Wheeler is currently focused on working

one? “There are lots of different starter

to tell whether things are going to plan.

with a variety of heritage breeds called

profiles,” says Wheeler.

indicator,” says Wheeler. “Touch as well:

It’s partly driven by ethos, partly by the

but stresses they’re not all created equal.

texturally, it’s wet or sticky. And sight, if

cultures that will give you different flavour Dunn uses a pre-made starter culture,

34 | Hospitality

“I think smell is always a very good

when something doesn’t feel quite right

Tamworth, Hampshire and Durock. Why? characteristics of the breeds, which work well in charcuterie applications.

Producers, PorkStars and Provenance. The best chefs in world always want to (no, need to) know the source of their produce. So, it’s always a privilege to take a group of up-and-coming chefs to meet innovative producers. The farmers share their knowledge of farming rare breeds, latest butchery techniques and use of the whole pig for smallgoods, which fills our budding PorkStars’ minds with inspiration, ideas and even more love for the “magical beast”- the pig. And we cannot wait to see how this new understanding manifests itself in their restaurants.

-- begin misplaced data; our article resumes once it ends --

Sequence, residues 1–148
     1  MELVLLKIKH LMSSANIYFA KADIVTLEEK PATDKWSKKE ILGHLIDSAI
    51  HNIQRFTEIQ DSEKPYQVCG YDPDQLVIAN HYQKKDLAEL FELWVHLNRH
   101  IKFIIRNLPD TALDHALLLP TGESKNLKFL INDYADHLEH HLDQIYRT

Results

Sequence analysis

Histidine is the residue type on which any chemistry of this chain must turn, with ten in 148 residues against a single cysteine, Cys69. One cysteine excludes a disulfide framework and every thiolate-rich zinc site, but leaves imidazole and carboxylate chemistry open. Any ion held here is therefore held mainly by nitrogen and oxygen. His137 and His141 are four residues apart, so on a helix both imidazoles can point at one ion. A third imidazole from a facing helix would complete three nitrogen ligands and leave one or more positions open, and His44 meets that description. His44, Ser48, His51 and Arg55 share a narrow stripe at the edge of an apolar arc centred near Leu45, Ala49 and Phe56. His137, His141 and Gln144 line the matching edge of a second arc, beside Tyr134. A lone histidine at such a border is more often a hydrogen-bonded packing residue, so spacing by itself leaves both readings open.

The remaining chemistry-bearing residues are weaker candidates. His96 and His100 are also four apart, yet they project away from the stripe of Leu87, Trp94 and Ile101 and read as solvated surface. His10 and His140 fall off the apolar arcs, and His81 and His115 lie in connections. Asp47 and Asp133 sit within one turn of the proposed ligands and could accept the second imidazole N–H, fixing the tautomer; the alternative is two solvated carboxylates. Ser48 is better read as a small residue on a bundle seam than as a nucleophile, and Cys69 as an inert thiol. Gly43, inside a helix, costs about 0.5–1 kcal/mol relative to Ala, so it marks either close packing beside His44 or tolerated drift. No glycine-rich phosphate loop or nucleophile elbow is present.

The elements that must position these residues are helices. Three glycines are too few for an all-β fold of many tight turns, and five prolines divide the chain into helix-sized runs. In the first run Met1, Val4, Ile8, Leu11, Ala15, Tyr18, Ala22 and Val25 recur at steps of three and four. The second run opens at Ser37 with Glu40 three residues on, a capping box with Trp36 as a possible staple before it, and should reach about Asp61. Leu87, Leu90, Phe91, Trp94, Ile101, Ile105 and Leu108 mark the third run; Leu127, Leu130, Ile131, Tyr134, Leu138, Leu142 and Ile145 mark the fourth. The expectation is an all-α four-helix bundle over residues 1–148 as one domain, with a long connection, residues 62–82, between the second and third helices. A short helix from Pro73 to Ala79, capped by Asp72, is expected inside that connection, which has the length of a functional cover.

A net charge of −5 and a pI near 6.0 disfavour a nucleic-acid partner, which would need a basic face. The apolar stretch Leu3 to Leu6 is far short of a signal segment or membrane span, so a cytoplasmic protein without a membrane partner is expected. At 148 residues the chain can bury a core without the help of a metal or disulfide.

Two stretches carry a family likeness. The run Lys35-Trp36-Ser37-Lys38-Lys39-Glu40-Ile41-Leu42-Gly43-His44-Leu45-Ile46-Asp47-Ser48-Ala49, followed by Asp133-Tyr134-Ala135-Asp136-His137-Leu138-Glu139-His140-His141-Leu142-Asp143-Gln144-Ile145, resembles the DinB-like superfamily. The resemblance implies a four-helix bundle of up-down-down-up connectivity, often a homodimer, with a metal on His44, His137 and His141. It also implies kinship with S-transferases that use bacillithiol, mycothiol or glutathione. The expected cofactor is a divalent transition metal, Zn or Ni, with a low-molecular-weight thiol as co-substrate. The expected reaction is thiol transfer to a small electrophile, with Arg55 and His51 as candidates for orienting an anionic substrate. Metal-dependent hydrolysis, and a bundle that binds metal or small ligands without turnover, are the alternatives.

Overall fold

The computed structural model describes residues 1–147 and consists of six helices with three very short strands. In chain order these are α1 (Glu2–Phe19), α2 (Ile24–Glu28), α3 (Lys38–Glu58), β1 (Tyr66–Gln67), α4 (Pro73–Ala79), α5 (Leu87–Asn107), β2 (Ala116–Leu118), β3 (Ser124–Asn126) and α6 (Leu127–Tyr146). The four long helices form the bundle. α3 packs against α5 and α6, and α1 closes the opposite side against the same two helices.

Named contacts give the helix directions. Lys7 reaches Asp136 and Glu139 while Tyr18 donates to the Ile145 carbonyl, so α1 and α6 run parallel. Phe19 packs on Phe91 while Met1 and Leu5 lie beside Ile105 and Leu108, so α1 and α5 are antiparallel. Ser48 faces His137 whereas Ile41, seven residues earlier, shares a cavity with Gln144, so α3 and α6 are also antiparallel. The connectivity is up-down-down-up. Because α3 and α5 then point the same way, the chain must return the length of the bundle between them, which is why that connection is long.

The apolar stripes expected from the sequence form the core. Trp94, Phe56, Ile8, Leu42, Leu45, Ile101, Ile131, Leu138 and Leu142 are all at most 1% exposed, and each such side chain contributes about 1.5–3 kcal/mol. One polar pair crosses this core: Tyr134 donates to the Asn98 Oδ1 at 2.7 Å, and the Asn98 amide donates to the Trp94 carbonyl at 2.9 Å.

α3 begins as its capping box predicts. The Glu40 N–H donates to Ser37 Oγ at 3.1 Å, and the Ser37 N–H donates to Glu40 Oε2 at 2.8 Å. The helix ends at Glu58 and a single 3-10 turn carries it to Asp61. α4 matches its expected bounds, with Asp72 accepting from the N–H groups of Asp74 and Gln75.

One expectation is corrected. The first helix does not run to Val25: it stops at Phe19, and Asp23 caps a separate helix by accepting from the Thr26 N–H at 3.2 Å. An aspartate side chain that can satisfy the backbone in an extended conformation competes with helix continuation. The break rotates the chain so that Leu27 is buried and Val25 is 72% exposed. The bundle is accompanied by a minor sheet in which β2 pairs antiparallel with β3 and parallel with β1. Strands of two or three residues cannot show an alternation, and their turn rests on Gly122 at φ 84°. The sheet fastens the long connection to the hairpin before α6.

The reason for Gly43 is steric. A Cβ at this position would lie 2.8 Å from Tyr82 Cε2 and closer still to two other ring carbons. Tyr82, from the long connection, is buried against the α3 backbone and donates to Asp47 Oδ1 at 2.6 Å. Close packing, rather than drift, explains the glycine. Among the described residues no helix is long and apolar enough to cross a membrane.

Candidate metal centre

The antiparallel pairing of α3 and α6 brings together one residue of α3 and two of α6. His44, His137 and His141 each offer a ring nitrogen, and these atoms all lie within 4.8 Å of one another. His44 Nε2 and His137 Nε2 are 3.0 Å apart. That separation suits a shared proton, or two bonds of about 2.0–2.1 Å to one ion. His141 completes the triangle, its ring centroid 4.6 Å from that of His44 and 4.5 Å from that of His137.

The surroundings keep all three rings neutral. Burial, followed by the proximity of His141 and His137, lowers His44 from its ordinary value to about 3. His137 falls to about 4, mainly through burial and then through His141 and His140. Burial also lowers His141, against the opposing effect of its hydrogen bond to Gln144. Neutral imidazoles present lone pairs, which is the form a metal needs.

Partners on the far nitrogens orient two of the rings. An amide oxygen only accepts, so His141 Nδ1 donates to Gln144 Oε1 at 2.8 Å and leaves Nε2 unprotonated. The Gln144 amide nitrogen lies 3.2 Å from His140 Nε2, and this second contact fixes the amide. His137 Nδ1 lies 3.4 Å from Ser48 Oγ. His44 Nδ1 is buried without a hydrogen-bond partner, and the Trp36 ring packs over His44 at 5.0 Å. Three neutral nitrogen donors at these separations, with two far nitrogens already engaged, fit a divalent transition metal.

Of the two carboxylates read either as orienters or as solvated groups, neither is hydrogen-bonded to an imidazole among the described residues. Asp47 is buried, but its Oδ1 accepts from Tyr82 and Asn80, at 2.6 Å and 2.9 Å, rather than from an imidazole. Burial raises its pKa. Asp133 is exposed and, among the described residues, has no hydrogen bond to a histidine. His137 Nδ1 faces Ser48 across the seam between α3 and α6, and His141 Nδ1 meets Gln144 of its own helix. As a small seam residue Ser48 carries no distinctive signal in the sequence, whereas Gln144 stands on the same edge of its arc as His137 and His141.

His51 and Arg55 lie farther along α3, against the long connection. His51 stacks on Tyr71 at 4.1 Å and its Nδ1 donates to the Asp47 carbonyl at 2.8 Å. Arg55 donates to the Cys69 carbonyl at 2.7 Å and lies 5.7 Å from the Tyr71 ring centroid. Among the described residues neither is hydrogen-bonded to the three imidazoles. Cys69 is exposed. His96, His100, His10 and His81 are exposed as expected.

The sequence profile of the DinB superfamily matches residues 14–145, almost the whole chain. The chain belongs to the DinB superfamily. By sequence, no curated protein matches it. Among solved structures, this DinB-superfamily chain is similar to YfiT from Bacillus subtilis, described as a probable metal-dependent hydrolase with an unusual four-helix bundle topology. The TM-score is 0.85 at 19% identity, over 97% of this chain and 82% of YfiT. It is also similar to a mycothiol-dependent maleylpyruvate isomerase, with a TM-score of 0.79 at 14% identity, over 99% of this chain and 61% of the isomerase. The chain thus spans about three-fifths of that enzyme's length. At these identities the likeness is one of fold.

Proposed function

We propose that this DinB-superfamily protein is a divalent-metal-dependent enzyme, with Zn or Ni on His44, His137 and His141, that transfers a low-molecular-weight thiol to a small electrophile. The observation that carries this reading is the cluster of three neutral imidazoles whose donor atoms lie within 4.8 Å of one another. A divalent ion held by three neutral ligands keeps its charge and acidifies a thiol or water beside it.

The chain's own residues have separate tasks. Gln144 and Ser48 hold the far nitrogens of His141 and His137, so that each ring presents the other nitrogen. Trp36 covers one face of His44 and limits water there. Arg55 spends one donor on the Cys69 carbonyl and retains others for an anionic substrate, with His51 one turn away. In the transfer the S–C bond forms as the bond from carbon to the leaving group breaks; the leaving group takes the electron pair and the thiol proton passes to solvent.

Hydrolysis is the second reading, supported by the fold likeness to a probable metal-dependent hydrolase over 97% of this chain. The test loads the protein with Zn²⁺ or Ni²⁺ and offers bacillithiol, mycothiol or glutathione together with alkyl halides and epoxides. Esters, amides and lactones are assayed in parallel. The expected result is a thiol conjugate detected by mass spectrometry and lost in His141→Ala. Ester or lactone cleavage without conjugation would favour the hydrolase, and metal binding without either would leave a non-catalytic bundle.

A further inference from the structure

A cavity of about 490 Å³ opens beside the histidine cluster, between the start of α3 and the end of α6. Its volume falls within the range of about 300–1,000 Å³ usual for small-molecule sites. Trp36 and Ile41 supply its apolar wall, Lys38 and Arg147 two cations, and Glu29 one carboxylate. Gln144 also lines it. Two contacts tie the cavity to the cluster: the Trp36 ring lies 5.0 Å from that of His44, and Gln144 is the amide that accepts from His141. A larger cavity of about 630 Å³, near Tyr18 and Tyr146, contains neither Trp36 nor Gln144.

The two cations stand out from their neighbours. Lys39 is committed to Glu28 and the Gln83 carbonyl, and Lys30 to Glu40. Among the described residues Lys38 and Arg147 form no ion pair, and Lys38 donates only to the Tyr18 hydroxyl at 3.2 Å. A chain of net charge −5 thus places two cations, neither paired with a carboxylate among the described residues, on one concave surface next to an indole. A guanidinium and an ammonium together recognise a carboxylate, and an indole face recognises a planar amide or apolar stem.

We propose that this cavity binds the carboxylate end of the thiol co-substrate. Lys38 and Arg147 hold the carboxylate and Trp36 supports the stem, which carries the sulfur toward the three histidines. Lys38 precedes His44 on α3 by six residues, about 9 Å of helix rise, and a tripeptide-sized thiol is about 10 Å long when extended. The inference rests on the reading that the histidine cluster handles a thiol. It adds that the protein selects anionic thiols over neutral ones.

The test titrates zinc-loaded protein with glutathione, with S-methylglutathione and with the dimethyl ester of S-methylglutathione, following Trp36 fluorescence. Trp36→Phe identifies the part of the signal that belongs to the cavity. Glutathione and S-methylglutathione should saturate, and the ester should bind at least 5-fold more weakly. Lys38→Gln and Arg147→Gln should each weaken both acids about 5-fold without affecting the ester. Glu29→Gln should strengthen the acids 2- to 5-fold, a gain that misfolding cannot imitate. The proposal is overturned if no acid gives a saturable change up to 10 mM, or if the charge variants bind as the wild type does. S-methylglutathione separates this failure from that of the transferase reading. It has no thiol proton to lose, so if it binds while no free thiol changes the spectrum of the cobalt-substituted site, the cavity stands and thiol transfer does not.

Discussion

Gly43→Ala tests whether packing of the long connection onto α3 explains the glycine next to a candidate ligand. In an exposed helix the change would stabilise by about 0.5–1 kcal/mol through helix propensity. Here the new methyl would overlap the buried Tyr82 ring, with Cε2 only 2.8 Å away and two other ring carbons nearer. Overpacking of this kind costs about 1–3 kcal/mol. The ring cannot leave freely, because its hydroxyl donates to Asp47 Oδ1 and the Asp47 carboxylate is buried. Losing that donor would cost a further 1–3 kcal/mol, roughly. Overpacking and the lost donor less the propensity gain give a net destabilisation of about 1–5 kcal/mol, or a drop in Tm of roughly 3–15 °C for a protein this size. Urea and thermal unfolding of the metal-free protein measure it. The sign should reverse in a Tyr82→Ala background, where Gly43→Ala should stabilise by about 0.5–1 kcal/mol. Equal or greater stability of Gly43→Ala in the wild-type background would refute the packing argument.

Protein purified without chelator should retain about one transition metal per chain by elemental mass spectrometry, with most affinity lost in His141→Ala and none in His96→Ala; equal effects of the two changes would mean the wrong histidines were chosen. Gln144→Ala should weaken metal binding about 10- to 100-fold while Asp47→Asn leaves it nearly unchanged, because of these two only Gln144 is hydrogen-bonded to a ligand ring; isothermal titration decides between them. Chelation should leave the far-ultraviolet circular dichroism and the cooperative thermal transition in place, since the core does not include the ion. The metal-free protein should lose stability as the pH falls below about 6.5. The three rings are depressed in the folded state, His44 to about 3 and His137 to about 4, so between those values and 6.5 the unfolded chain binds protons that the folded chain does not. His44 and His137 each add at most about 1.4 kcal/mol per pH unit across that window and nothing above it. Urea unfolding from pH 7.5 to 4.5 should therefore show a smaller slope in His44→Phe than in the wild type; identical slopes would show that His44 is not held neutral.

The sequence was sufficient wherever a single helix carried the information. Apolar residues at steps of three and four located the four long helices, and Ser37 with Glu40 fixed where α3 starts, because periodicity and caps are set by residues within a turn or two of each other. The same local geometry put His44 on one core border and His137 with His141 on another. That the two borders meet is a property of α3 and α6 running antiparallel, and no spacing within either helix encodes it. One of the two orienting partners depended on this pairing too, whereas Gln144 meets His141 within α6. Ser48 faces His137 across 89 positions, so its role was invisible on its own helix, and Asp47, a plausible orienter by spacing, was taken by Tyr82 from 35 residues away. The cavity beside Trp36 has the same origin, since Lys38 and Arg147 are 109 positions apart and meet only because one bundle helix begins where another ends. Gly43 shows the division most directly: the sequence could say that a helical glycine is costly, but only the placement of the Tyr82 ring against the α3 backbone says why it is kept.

Shot on location at Taluca Park pork farm in NSW as part of Appetite for Excellence produce tour.

FEATURE // Charcuterie “The first two, in particular, are the rarest

“It’s important to do lots of research and seek out advice from professional people.” — Troy Wheeler

breeds that exist in Australia and we like to bring awareness to those things,” says

Wheeler. “Through conscious consumption, we’re able to help bring those breed stocks

important we retain them.”

While the Tamworth comes with plenty